Fact check: DOE granted request for Texas electricity generators to exceed emissions limits
The claim: The U.S. Department of Energy blocked the Electric Reliability Council of Texas from allowing electricity generators to operate at maximum capacity in violation of federal permits
As a winter storm blanketed Texas in snow and a deep freeze last week, the state’s main electricity provider instituted rolling blackouts as it struggled to generate enough power to handle the increased load.
Posts circulating on social media falsely claim, though, that the Electric Reliability Council of Texas didn’t have all of the resources it needed because the U.S. Department of Energy denied ERCOT’s request for electricity generators to exceed emissions limits under federal permits.
The claim, posted Feb. 20 by InfoWars and by multiple Facebook users, places the blame squarely on President Joe Biden and acting DOE Secretary David Huizenga who, it says, “blocked Texas from increasing power ahead of a killer storm.”
The order included on those posts, however, shows Huizenga granted ERCOT’s request just before 9 p.m. on Feb. 14.
InfoWars did not immediately respond to a request for comment.
What did ERCOT ask for?
ERCOT’s Feb. 14 letter to DOE described an historic winter storm that would bring with it record winter electricity demand. Its own meteorologist had warned “this period will go down in Texas weather history as one of the most extreme events to ever impact the state.”
For that reason, ERCOT asked the department for authorization for “all electric generating units” that are part of its network “to operate up to their maximum generation output levels under the limited circumstances described in this letter, notwithstanding air quality of other permit limitations.”
Three power agencies told ERCOT that operating for maximum output would push them over limits set in federal permits for emissions of nitrogen oxide, carbon monoxide, sulfur dioxide, mercury along with release of wastewater, according to the letter.
ERCOT asked for leeway on those limits during its energy emergency, which expired on Feb. 19. It described its request as “narrowly tailored to allow only the exceedances that are necessary to ensure reliability over the next few days” and noted that power generated under the request would be the last used to fill its needs.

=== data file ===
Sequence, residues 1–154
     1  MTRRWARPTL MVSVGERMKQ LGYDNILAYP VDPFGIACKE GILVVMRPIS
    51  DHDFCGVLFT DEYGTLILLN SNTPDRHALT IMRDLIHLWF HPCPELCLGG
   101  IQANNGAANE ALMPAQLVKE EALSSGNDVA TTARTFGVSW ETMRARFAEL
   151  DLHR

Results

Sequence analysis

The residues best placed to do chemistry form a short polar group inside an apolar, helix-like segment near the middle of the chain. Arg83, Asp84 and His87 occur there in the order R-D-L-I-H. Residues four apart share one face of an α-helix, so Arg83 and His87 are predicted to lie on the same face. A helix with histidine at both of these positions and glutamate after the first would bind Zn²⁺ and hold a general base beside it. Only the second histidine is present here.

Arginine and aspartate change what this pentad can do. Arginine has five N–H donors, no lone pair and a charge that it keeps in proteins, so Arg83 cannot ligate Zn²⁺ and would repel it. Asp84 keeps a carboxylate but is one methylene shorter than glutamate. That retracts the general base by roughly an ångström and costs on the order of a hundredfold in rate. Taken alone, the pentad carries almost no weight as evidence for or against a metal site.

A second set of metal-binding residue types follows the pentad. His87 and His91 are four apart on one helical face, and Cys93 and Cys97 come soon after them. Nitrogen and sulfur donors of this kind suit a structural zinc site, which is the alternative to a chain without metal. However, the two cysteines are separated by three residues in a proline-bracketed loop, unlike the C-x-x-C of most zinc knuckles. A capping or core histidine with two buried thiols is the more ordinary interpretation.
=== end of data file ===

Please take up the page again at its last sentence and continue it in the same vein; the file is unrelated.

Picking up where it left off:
“ERCOT does not lightly request this authorization. It understands the importance of the environmental permit limits that are at issue. However, in ERCOT’s judgment, the loss of power to homes and local businesses in the areas affected by curtailments presents a far greater risk to public health and safety than the temporary exceedances of those permit limits that would be allowed under the requested order,” ERCOT wrote in its request.
What did U.S. Department of Energy grant?
DOE’s order acknowledges that Texas’ shortage of electricity generation was an emergency that it was seeking to remedy.
Huizenga wrote in the order that the department was granting the request because of that emergency and that it was limiting operation above the permitted level “to the times and within the parameters determined by ERCOT for reliability purposes” to “minimize adverse environmental impacts.”
A list of power-generating units that the order applied to also was included and updated nine times while it was in effect.
ERCOT acknowledged that the request had been granted, too. In a “market notice” sent late in the afternoon on Feb. 14, ERCOT wrote that Huizenga “granted ERCOT’s request” in the order.
The order required ERCOT to “exhaust all reasonably and practically available resources, including available imports, demand response, and identified behind-the-meter generation resources selected to minimize an increase in emissions, to the extent that such resources provide support to maintain grid reliability,” before allowing operators to exceed permit levels and operate at maximum capacity.
That is consistent with ERCOT’s request, which noted that electricity generated from those operations would be the last resource tapped to address the shortage.
In its order, DOE also required ERCOT to notify the department about additional facilities that would have to exceed environmental permit limits to generate enough power for the state. ERCOT also must write a report about the environmental impact of the emergency.
"On February 14, ERCOT formally requested the Department of Energy (DOE) issue an emergency order to address electric generation shortages in Texas caused by unprecedented cold weather conditions. Later that day, DOE approved a Section 202(c) emergency order that allowed specified power plants to generate up to their maximum capacity in order to manage the expected increase in electricity demand," said Kevin Liao, DOE press secretary, in an email.
Our rating: False
The claim that the U.S. Department of Energy denied ERCOT’s request to allow electricity generators to operate at maximum capacity in violation of federal environmental permits is FALSE. Records show that the department authorized the additional generation under the limited circumstances ERCOT requested Feb. 14.
Our fact-check sources:
- U.S. Department of Energy, Feb. 14, Order No. 202-21-1
- U.S. Department of Energy, Feb. 14, ERCOT's Request for Emergency Order
- U.S. Department of Energy, accessed Feb. 23, List of documents associated with emergency order
- Bloomberg, Feb. 15, Texas power plants get emergency clearance to crank up output
- Electric Reliability Council of Texas, Feb. 14, Notice of U.S. Department of Energy Section 202(c) Order affecting the ERCOT Region
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